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Old 03-02-2020, 11:15 PM   #21
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Originally Posted by Coamack1 View Post
I am not for certain on those particular lights but it may need a resistor in order to prevent hyper-flash. A normal light bulb with a filament has a higher resistance than led lights. Should be a simple fix if needed.

Actually, an incandescent bulb has a lower resistance and draws more current as a result . . . unless the LED light were to have a added on resistor to increase the current it uses to operate.
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Old 03-02-2020, 11:56 PM   #22
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Learned something new

I was not aware that a resistor can increase current. I always thought it reduced or varied current within a circuit.
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Old 03-03-2020, 12:14 AM   #23
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Depends on if the resistor is placed in series or parallel.
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Old 03-04-2020, 09:13 AM   #24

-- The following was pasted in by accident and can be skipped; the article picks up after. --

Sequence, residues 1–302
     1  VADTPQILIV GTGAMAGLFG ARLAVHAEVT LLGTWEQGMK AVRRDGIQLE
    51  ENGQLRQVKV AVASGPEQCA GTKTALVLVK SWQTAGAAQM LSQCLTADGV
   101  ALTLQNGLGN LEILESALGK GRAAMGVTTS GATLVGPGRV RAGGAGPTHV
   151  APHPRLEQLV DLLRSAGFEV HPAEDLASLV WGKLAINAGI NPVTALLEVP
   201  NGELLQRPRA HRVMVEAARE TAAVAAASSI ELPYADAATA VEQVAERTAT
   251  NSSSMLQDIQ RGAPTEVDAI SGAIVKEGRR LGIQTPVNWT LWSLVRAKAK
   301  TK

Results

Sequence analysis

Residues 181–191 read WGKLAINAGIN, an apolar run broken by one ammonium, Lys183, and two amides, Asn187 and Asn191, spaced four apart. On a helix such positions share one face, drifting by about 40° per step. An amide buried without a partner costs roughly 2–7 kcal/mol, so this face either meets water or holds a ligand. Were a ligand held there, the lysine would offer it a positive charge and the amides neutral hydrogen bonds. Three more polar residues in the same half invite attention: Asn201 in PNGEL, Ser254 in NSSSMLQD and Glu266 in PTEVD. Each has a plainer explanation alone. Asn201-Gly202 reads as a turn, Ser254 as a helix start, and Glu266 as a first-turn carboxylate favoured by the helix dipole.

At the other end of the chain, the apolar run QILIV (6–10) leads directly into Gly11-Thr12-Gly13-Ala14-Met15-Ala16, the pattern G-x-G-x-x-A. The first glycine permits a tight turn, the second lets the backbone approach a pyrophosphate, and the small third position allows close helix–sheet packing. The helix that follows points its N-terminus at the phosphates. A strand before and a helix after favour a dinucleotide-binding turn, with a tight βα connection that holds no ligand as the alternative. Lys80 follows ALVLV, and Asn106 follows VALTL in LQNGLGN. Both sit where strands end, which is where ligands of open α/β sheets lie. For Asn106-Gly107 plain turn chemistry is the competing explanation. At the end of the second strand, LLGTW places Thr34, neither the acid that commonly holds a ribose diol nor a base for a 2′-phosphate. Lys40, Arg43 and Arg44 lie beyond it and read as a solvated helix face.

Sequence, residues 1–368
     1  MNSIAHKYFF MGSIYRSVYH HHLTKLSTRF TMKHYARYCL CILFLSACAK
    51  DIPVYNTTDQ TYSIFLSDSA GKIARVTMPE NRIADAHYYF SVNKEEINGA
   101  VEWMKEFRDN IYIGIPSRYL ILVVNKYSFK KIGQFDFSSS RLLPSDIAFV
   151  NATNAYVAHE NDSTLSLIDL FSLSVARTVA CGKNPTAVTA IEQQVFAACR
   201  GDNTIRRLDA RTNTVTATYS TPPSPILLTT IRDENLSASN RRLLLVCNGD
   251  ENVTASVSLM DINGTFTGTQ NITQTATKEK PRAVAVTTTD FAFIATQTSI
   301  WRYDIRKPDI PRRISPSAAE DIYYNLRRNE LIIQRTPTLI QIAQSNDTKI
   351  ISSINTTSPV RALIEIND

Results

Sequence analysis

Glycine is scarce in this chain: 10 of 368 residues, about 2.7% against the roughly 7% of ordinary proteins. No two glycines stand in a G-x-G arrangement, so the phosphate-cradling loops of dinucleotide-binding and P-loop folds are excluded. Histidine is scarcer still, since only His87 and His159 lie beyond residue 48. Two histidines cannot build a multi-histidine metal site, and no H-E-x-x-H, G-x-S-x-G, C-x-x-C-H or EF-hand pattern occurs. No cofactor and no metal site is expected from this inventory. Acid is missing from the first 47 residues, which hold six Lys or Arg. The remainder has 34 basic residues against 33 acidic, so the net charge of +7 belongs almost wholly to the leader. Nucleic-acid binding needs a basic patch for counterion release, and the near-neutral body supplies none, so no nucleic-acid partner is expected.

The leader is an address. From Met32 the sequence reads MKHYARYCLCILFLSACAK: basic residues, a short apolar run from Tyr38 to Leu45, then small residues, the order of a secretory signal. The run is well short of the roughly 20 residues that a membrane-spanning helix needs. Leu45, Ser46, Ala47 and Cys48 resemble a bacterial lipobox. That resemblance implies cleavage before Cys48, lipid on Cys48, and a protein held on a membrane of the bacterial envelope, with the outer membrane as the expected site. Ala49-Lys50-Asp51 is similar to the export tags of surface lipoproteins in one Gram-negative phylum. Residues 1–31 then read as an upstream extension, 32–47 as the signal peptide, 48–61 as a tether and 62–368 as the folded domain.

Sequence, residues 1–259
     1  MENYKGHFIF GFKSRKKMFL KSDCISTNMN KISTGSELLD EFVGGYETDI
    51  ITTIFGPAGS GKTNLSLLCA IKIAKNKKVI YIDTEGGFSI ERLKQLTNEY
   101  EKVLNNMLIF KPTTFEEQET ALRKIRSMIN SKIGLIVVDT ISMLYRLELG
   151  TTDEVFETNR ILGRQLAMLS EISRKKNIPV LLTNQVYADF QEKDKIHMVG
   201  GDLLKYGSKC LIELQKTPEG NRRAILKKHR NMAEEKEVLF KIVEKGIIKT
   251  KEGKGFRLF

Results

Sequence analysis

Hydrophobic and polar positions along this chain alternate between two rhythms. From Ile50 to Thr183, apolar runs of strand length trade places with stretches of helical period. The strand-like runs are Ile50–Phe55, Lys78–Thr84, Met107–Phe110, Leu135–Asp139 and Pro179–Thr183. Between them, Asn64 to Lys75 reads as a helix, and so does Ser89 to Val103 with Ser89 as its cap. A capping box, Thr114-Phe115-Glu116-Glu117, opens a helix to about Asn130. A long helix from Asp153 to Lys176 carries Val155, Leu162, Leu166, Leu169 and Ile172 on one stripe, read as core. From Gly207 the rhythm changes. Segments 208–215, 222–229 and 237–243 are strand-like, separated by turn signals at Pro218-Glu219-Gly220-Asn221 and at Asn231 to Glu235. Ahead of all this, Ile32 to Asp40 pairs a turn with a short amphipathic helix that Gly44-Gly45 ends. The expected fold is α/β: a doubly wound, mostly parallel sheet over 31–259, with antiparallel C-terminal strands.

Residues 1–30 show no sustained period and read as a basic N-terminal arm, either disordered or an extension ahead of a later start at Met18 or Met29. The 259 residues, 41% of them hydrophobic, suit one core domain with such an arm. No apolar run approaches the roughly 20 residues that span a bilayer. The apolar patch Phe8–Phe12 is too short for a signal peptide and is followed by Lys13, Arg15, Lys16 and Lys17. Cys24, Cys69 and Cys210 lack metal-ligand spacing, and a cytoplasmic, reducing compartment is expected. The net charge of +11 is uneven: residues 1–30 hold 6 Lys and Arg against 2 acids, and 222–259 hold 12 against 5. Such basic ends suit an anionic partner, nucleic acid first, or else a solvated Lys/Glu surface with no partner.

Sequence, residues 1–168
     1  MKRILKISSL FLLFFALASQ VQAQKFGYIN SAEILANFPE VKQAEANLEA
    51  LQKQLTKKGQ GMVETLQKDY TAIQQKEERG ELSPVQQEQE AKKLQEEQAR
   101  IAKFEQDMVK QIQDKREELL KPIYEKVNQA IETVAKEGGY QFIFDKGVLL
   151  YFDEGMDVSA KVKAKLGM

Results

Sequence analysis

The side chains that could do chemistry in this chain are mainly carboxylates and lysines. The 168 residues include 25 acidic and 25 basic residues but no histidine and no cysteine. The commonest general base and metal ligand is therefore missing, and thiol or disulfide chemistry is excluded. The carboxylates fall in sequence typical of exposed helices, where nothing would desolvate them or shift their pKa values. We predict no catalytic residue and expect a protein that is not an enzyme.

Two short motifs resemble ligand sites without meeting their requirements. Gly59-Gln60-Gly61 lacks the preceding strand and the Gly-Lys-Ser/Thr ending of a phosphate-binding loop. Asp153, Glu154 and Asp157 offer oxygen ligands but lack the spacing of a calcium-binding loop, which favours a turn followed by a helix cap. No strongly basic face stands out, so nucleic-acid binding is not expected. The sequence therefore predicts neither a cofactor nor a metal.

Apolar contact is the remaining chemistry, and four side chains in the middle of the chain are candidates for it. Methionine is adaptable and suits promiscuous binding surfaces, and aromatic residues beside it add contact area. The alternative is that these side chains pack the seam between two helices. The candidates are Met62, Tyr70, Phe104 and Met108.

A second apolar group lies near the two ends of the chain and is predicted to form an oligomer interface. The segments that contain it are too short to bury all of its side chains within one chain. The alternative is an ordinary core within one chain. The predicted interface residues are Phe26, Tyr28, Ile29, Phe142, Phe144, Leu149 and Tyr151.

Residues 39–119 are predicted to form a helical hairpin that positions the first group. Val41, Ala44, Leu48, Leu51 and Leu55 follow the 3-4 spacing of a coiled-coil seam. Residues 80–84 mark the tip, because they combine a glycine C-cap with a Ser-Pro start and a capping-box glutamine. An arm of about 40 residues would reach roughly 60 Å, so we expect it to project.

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Originally Posted by kazetsukai View Post
I did a full LED conversion on my rig. I replaced the flasher with a non-inline variant:

Inline flashers (usually they are little boxes that plugin to an automotive electrical panel, and look like relays) rely on the lights drawing a certain amount of power. The one linked plugs in like an inline flasher, but also provide a ground to negative so it can regulate flash speed regardless of power draw.

If you have any questions I can answer, I'd be glad to help.
Attachment 41893
I just moved down to Texas and my bus is still in Missouri. Novita has sent me a replacement flasher. If it still does not function correctly I'll have to try that product. 20 bucks cheaper than the relay i picked up at NAPA..
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Old 04-26-2020, 03:26 PM   #25
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Don't know for sure but on my Harley when I replaced a stock brake light to an LED, prior to going to solid red it would flash several times just to grab attention of whoever is following me... could be the same for the blinkers you bought.. my best guess!
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Old 04-26-2020, 04:04 PM   #26
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Ohm's Law..
Current= Voltage divided by Resistance.. so if we divide 12 volts by 1 Ohm of Resistance for instance you would get 12 Amps? of current..
now divide 12 volts by 2 Ohms and your current decreases to 6 Amps...
the more Resistance the lower the current..
that's the law!
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